When one goes looking for reasons to use code generators, the articles tend to skew positive. I guess most people need to be convinced that these are good tools. However, there is a dark side to code generators. Well, that may be a bit over-dramatic. However, there are reasons that a code generator should be avoided and definite drawbacks to using one. Allow me to make the case against these productivity tools.
Ignorance By Abstraction
The first problem we can look at is what I call ignorance by abstraction. This effect happens when we shield people from the underlying process for any task. For example, you look at your watch and read the time. You have no idea how it “knows” what time it is. You are ignorant of that functionality or process. Code generators often provide that abstraction. Yes, a developer can always review the source code. However, how often do you see that happening? There may be an initial deep dive into the generated code when the tool is evaluated. That is where it ends in most cases. You assess the tool and then trust it. Future developers may blindly use it and never even see the source code.
Confusing Custom With Standard
Frameworks also suffer from this weakness, but code generators hide it better. This situation occurs when a developer gets so used to how a tool helps, they think it is part of the environment. There are many developer tools that fall into this category. The result can be great for productivity but can also end with tool lock-in or limit career moves. I have come across developers that end up stuck in a job because they are so reliant on the tools that the company provides. That may seem like a win for the company, but it can scare away better talent. These environments also deter those that want to focus on learning a language or environment. Instead, your team is just learning tool usage.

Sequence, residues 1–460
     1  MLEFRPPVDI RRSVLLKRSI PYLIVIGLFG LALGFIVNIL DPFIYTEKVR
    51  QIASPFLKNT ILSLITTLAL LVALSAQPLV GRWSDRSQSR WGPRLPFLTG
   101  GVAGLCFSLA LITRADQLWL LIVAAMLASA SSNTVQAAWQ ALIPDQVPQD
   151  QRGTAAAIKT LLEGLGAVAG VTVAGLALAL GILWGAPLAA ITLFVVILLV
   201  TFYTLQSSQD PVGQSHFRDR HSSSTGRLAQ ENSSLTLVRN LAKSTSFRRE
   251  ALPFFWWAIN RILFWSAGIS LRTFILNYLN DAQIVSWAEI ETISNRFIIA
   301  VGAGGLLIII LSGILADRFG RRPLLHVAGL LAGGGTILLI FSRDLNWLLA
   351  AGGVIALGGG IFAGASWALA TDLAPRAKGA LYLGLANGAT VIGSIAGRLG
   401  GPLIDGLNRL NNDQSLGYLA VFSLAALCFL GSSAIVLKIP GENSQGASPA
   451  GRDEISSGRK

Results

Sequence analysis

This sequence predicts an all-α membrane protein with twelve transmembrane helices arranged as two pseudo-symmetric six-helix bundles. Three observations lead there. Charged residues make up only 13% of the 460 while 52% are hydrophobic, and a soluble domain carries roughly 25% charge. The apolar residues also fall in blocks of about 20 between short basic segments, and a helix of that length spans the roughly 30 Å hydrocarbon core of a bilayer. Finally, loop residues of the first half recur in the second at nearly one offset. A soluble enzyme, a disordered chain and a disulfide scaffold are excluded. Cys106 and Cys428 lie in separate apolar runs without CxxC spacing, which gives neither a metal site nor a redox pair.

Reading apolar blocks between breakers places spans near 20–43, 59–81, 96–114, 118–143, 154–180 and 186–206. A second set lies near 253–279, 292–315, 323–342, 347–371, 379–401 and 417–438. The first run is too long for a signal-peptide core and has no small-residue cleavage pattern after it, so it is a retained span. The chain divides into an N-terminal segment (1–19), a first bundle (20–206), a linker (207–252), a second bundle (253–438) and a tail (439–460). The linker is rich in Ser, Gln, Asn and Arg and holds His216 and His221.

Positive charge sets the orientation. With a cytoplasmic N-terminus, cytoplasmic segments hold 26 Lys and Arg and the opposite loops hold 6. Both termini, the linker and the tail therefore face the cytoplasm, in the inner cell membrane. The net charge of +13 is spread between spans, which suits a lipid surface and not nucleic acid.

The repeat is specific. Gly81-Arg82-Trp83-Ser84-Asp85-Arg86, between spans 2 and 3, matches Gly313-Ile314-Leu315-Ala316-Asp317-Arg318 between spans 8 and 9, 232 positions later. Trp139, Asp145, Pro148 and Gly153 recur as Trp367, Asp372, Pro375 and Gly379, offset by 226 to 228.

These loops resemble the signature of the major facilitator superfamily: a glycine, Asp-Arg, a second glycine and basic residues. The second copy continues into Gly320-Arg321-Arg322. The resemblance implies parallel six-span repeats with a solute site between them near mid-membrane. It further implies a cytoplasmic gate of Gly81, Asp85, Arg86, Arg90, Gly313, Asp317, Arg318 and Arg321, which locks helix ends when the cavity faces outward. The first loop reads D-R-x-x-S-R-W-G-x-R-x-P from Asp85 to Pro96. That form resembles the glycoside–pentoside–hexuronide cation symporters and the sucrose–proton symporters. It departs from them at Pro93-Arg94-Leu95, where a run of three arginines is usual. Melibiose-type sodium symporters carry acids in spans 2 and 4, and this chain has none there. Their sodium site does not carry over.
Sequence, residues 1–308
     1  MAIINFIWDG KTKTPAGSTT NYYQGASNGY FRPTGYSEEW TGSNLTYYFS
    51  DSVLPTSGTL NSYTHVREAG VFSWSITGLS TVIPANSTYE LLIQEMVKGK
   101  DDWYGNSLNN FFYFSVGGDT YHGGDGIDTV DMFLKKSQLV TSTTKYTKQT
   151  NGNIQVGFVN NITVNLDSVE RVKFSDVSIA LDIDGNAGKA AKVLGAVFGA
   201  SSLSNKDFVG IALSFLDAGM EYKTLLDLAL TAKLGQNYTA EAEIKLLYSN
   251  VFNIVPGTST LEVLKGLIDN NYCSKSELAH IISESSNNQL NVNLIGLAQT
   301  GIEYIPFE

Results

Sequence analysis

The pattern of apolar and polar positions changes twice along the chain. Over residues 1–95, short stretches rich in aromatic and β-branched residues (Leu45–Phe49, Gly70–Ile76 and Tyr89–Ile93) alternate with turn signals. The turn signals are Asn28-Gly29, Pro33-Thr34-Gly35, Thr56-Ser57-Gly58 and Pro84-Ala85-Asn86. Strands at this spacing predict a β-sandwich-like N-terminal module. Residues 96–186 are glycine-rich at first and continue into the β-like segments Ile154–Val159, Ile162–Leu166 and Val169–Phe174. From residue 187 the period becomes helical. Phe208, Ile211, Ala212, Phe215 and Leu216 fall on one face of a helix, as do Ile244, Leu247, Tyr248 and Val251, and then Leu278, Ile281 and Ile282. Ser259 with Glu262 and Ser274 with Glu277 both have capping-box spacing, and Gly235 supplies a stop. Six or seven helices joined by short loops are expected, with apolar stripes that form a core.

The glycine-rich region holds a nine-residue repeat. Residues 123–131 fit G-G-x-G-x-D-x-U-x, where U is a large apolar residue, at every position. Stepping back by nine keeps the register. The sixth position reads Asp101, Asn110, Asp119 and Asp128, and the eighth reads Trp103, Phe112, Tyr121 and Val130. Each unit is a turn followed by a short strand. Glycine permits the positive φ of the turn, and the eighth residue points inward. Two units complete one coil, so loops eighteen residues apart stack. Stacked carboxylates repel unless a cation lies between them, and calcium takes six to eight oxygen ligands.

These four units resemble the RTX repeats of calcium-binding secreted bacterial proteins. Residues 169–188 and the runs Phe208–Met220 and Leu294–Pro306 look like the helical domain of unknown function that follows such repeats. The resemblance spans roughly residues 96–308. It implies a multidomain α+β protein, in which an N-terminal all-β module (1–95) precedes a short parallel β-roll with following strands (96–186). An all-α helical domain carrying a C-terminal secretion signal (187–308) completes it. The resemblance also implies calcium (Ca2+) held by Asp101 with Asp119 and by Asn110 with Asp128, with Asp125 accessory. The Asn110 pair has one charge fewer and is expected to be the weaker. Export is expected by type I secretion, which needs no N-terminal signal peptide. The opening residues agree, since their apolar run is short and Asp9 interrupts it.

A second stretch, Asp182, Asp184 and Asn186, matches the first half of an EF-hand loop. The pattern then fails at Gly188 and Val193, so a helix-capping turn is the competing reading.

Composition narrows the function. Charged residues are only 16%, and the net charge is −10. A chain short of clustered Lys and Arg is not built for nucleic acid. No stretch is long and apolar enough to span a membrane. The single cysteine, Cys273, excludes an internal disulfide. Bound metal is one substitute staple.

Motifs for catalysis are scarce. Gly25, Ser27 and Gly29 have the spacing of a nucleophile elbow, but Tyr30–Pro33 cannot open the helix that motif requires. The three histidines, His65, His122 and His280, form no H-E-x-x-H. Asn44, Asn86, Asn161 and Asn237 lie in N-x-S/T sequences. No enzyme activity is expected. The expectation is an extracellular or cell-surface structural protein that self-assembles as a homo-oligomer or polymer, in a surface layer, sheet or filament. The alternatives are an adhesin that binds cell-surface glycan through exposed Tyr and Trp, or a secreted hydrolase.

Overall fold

Performance And Maintenance Woes
An often overlooked weakness in code generators (and frameworks) is how they provide a general solution. In some cases, this just leads to unused code. On the other hand, it can lead to slow code that is difficult to maintain. It can be frustrating and time-consuming to sort through excess code while debugging. There also are performance issues that often arise. The best way to build a code generator that allows for extensible code is through abstraction. However, those abstraction layers take time to process during runtime. That can cause performance issues that cannot be overcome. The generated code provides a baseline that cannot be moved without removing the tool. When you hit those sorts of walls, you will hear a lot of wailing and gnashing of teeth.
I worked on code generators early in my career for a tool called Power Builder. We ended up often having more layers on top of the primary tool than it supported. We ended up spending hours each week in generation and regeneration and compiling cycles. I lost track of how many hours were spent in non-productive waiting for a system process to complete. This was not uncommon in those days of application compiles that often took dozens of minutes or more. Nevertheless, we had to be aware of what might be over-written in our code during a regeneration process. Likewise, there are side effects we might have on the same. I am not sure the resulting time savings were worth it.
Scalability and Extension
That leads to another weakness code generators can run into. They do not always scale. I have run into this often with RDBMS object mapping generators. The tools have an approach that makes assumptions that make sense until you get to large or complex solutions. The problems may occur as name collisions, objects with too many properties, tables with too many columns, or overhead that buries the system. Consider what audit information adds when you scale it to large and complex systems. Do you really need audit information for every data lookup item?
While some solutions and generators provide configuration or customization, that can also be expensive in both time and performance. There is a chance that an update of the tool or even a new code generation will break custom code. Those changes may also fall outside of the patterns the code generator uses and have a negative impact on application performance. Think of it as the tool plotting a specific course through the generated code. Then, the customization tries to change the course. There is a form of working against yourself that occurs in those situations that can cause maintenance and performance degradation.